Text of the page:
I understand that. I think that is genuine. It approaches being a universal law.

    But resembling a science is different from being a science. Philosopher Karl Popper discussed the scientific standing of economics in the s and s. He argued that mathematical economics suffered from being tautological. In other words, insofar as economics became a mathematical theory, mathematical economics ceased to rely on empirical refutation but rather relied on mathematical proofs and disproof. Sharing Popper's concerns about assumptions in economics generally, and not just mathematical economics, Milton Friedman declared that "all assumptions are unrealistic".

    Friedman proposed judging economic models by their predictive performance rather than by the match between their assumptions and reality. Considering mathematical economics, J. Keynes wrote in The General Theory : []. It is a great fault of symbolic pseudo-mathematical methods of formalising a system of economic analysis In response to these criticisms, Paul Samuelson argued that mathematics is a language, repeating a thesis of Josiah Willard Gibbs. In economics, the language of mathematics is sometimes necessary for representing substantive problems.

    Moreover, mathematical economics has led to conceptual advances in economics.

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    Computational Industrial Organization – Jason M. Barr

    Some economists state that mathematical economics deserves support just like other forms of mathematics, particularly its neighbors in mathematical optimization and mathematical statistics and increasingly in theoretical computer science. Mathematical economics and other mathematical sciences have a history in which theoretical advances have regularly contributed to the reform of the more applied branches of economics.

    In particular, following the program of John von Neumann , game theory now provides the foundations for describing much of applied economics, from statistical decision theory as "games against nature" and econometrics to general equilibrium theory and industrial organization. In the last decade, with the rise of the internet, mathematical economists and optimization experts and computer scientists have worked on problems of pricing for on-line services their contributions using mathematics from cooperative game theory, nondifferentiable optimization, and combinatorial games.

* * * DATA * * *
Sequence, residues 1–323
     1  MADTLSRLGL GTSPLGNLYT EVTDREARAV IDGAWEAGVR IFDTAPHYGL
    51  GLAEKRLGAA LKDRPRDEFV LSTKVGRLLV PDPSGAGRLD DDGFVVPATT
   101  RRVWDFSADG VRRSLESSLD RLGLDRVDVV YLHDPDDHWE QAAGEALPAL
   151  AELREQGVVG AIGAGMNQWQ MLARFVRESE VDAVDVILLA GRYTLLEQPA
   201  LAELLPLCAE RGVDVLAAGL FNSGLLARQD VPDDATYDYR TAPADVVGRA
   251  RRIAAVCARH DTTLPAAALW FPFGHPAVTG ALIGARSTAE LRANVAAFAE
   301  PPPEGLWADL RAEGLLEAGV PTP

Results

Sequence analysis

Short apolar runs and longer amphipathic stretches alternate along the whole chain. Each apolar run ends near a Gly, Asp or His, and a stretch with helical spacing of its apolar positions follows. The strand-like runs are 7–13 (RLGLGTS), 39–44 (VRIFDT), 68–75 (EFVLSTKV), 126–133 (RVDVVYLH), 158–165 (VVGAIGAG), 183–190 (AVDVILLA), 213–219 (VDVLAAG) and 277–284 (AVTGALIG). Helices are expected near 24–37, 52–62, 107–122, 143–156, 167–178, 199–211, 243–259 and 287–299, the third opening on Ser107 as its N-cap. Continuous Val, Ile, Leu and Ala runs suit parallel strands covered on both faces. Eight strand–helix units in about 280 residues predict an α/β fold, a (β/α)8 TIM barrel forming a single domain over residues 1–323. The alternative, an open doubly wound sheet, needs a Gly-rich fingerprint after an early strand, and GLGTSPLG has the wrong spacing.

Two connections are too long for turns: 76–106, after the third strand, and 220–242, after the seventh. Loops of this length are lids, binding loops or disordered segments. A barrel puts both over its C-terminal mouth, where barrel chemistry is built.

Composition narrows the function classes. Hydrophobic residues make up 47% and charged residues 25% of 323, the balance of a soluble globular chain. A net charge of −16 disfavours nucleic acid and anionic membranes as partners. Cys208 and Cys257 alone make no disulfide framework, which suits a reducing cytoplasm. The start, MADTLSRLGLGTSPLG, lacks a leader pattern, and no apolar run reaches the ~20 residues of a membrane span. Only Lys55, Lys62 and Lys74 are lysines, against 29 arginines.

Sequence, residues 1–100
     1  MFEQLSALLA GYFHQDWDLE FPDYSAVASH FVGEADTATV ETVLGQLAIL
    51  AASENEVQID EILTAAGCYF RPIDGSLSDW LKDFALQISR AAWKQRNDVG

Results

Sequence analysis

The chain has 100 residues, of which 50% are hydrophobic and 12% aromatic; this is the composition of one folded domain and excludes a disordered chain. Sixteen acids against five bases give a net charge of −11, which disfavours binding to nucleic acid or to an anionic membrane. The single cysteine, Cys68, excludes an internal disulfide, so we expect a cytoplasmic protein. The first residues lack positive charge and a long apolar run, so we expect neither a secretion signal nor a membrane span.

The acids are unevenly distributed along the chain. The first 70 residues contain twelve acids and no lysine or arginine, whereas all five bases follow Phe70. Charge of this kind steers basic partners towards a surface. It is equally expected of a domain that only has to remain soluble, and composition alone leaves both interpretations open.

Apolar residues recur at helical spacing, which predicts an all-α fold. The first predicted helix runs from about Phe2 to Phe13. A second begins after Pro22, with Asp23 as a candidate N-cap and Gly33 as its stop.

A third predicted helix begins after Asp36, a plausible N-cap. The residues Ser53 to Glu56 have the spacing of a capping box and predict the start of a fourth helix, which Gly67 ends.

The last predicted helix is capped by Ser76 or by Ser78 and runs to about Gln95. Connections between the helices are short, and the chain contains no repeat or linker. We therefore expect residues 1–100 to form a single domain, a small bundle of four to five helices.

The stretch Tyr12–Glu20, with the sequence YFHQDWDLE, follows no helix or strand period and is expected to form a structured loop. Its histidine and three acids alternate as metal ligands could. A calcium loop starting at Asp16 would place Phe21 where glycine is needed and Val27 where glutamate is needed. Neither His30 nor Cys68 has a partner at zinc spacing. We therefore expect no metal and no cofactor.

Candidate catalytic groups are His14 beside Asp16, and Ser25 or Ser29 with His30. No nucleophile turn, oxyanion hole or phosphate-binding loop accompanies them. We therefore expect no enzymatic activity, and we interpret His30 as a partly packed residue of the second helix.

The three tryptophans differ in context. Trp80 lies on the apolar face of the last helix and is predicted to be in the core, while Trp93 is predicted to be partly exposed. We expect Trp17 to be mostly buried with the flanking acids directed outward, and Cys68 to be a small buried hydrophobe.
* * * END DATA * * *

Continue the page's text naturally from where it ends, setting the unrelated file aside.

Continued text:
Robert M. Solow concluded that mathematical economics was the core " infrastructure " of contemporary economics:. Economics is no longer a fit conversation piece for ladies and gentlemen. It has become a technical subject. Like any technical subject it attracts some people who are more interested in the technique than the subject. That is too bad, but it may be inevitable. In any case, do not kid yourself: the technical core of economics is indispensable infrastructure for the political economy.

    That is why, if you consult [a reference in contemporary economics] looking for enlightenment about the world today, you will be led to technical economics, or history, or nothing at all. Prominent mathematical economists include, but are not limited to, the following by century of birth. From Wikipedia, the free encyclopedia.

    Complexity Economics Overview

    Part of a series on Economics Index Outline Category. History Branches Classification. History of economics Schools of economics Mainstream economics Heterodox economics Economic methodology Economic theory Political economy Microeconomics Macroeconomics International economics Applied economics Mathematical economics Econometrics.

    Concepts Theory Techniques. Economic systems Economic growth Market National accounting Experimental economics Computational economics Game theory Operations research. By application. Notable economists. Glossary of economics. Main article: History of economic thought.

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    Main article: Marginalism. Main articles: Foundations of Economic Analysis and Differential calculus. See also: Pareto efficiency and Walrasian auction. See also: Linear algebra , Linear programming , and Perron—Frobenius theorem. Main article: Input-output model. Main articles: Mathematical optimization and Dual problem. See also: Convexity in economics and Non-convexity economics. Main articles: Linear programming and Simplex algorithm.